#1) Make eye contact
Whether you’re giving a presentation to a roomful of people or negotiating a better deal on a car repair, making eye contact is key. When you’re so focused on what you’re saying or doing it can be easy to talk to others without actually looking at them. Making eye contact displays that what you have to say is important.
#2) Don’t lead with a disclaimer
Never minimize or apologize before saying what you need to say, like: “I don’t know if this will work, but…” or “This might not be what you were thinking of, but…” or "This is gonna sounds strange, but..." Instead of giving someone a reason to discount what may be an awesome idea, present it without any of your judgments and then let them decide what they think. You’ll be surprised at how much people will trust you when YOU trust yourself!
#3) Stand up while you’re on the phone
This works! Get up out of your chair while you’re on an important call—whether it’s to your insurance provider or a potential employer––can help make your voice sound more authoritative.
#4) Avoid turning statements into questions
Tell someone what you’re thinking, don’t ask them. People do this in mundane circumstances, like when ordering food or responding to simple questions.
To overcome this habit, keep the three “Ds” in mind: Be DECISIVE, DEFINITIVE and DELIBERATE. Never answer a question with a question!
#5) Make yourself visible at meetings
When it comes to commanding authority, having height helps. You want to stand as often as possible. This means rising when someone comes to chat with you at your desk or standing, when appropriate, during meetings. If all of the chairs are taken, that's GREAT!! Then you'll be forced to stand, which will automatically give you a bigger presence in the room.
#6) Dress the part
Dressing for success doesn’t necessarily mean you need to be rockin' a power suit. But make a note of what everyone else is wearing, and emulate their style in your own confident way. If the dress code at work is slacks and a button-down shirt, invest in a few sharp-looking separates that will ensure you fit in with the office culture.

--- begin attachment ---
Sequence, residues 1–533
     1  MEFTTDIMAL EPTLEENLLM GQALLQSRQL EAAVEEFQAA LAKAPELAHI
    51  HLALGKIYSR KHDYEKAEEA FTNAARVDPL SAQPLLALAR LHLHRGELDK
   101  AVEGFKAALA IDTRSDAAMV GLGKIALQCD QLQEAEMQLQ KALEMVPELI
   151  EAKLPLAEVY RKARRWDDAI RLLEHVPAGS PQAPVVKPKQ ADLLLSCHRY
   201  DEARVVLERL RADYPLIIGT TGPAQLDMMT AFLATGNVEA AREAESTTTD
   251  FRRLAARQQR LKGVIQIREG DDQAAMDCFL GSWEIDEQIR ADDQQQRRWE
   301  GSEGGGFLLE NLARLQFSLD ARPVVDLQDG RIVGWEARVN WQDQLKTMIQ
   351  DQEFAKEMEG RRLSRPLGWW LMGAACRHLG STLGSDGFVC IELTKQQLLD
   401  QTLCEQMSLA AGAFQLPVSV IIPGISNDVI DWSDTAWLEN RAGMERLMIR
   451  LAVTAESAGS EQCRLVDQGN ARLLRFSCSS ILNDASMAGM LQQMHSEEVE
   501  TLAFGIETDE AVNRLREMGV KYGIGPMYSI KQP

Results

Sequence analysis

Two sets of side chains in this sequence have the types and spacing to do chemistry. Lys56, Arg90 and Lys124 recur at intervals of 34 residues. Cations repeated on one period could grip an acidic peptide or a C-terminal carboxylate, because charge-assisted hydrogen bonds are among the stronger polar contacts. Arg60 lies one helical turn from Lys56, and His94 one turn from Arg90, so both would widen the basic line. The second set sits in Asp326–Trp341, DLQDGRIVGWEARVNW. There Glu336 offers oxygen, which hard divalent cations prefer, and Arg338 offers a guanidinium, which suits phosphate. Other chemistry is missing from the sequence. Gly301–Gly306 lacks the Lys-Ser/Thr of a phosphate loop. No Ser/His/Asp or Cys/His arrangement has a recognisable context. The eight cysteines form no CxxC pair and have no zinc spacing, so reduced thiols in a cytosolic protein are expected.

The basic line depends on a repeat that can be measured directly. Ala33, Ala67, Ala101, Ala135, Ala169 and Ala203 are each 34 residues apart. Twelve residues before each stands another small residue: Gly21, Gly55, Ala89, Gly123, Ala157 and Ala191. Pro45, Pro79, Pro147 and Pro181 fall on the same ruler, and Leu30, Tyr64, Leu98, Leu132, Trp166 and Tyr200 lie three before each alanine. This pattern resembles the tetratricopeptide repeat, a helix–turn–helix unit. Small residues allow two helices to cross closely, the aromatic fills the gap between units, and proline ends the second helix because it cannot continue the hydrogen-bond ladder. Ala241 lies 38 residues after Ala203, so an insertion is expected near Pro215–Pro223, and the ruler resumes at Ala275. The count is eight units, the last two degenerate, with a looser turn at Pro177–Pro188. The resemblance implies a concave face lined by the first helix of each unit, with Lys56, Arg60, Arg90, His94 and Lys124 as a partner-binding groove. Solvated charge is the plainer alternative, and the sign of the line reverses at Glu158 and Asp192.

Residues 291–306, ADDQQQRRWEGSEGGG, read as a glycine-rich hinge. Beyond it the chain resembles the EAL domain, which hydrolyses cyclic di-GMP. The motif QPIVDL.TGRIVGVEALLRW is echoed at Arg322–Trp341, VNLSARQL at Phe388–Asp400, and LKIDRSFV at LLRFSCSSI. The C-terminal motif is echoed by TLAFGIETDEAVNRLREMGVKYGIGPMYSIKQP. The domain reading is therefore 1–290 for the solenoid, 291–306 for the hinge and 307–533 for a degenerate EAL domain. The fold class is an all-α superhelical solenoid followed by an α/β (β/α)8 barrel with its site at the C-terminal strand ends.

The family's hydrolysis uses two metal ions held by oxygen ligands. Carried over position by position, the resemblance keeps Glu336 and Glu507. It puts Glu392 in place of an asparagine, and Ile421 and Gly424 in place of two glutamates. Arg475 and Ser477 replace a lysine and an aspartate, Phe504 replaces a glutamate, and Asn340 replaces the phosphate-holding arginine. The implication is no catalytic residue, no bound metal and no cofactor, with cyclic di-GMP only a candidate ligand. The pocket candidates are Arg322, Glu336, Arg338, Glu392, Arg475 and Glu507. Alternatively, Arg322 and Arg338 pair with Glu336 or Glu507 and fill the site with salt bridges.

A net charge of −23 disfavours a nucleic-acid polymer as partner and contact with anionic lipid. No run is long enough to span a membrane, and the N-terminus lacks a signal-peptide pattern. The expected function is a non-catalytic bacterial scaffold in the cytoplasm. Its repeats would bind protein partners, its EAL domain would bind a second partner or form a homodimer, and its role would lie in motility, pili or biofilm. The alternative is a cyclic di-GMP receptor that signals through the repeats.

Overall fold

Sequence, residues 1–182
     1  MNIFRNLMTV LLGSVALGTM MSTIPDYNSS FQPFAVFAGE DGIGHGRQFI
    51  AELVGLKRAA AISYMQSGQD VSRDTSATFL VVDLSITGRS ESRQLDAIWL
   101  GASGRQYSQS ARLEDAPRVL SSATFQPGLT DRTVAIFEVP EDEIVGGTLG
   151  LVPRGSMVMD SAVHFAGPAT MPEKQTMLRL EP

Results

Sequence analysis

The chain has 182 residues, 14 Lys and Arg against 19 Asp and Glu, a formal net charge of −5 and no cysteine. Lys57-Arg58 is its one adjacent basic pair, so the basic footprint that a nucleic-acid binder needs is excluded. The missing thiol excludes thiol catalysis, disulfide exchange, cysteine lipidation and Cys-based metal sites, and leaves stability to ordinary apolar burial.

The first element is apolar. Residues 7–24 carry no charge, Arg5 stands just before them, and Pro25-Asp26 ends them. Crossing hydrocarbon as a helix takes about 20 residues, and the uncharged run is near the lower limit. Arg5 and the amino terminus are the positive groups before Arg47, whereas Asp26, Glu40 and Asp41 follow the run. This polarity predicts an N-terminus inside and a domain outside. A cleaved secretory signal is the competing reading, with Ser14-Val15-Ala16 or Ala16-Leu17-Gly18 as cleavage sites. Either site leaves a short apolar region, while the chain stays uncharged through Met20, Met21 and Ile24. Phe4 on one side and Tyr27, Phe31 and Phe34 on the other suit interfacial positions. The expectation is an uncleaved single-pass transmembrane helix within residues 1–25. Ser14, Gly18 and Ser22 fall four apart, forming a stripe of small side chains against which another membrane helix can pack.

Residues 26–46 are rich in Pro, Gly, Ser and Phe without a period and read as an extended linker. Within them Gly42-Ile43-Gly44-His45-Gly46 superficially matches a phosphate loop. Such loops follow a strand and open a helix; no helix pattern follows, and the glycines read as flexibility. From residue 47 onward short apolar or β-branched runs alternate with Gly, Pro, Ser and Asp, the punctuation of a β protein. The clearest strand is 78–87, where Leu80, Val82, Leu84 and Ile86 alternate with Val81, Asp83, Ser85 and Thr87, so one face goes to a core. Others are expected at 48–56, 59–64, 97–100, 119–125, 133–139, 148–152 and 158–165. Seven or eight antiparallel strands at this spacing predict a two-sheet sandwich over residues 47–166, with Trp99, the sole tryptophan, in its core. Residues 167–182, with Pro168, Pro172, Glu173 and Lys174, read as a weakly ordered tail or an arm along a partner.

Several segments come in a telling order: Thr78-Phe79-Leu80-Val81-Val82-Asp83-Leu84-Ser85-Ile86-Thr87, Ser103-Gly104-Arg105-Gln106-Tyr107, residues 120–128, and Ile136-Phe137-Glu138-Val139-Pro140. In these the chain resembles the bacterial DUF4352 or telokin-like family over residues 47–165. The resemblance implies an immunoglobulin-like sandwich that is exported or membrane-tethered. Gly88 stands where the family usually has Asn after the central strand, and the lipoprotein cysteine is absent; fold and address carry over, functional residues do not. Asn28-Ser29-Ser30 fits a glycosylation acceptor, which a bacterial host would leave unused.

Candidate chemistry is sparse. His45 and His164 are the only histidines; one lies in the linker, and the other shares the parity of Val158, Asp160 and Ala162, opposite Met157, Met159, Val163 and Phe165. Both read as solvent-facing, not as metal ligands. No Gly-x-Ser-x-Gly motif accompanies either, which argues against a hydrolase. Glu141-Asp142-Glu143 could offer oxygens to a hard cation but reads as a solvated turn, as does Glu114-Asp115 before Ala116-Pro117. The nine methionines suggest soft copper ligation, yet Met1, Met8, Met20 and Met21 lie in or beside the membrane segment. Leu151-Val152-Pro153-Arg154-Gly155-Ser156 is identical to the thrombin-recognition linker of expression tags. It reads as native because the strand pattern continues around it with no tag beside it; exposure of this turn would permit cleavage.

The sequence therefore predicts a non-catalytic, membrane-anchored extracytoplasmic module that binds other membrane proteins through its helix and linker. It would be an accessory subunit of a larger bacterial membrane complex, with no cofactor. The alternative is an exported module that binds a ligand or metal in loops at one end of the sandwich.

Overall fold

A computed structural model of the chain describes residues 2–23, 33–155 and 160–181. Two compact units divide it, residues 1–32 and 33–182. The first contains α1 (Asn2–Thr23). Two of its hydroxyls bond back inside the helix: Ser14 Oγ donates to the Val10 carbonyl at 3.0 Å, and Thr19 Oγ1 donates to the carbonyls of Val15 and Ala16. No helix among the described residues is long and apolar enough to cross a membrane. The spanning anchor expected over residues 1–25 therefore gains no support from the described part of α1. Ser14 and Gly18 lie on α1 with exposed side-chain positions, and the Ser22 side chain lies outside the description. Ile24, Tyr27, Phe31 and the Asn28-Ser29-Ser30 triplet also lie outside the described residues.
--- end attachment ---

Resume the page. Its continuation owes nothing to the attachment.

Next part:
#7) Manage your boss’s expectations
Are you someone that frequently gets asked to stay late and help out, or do extra work?
Think that promising to tackle that giant pile of reports by 5 p.m., despite having no experience with accounting, will get you more points with your boss?Offering to take on work that is outside your area of expertise won’t impress anyone—especially when you turn in a less-than-stellar final product. On the other hand, avoiding projects like the plague won’t impress your boss either, since being a team player is essential for career development. If you’re asked to do (or want to volunteer for) something that you know you can’t handle alone, be honest about your limitations. Say something like: "I’m always up for learning, but this project will take me a little bit longer and I may need a few extra resources." People will respect you more for being honest and direct instead of taking on the assignment, turning it in late and/or not doing it as well as it could've been done.
If you’re thinking about Confidence Coaching, please feel free to call or email me to discuss the different packages I offer. I’d be happy to assist you in determining which program would be most beneficial to you in your life right now. Contact me now-CLICK HERE!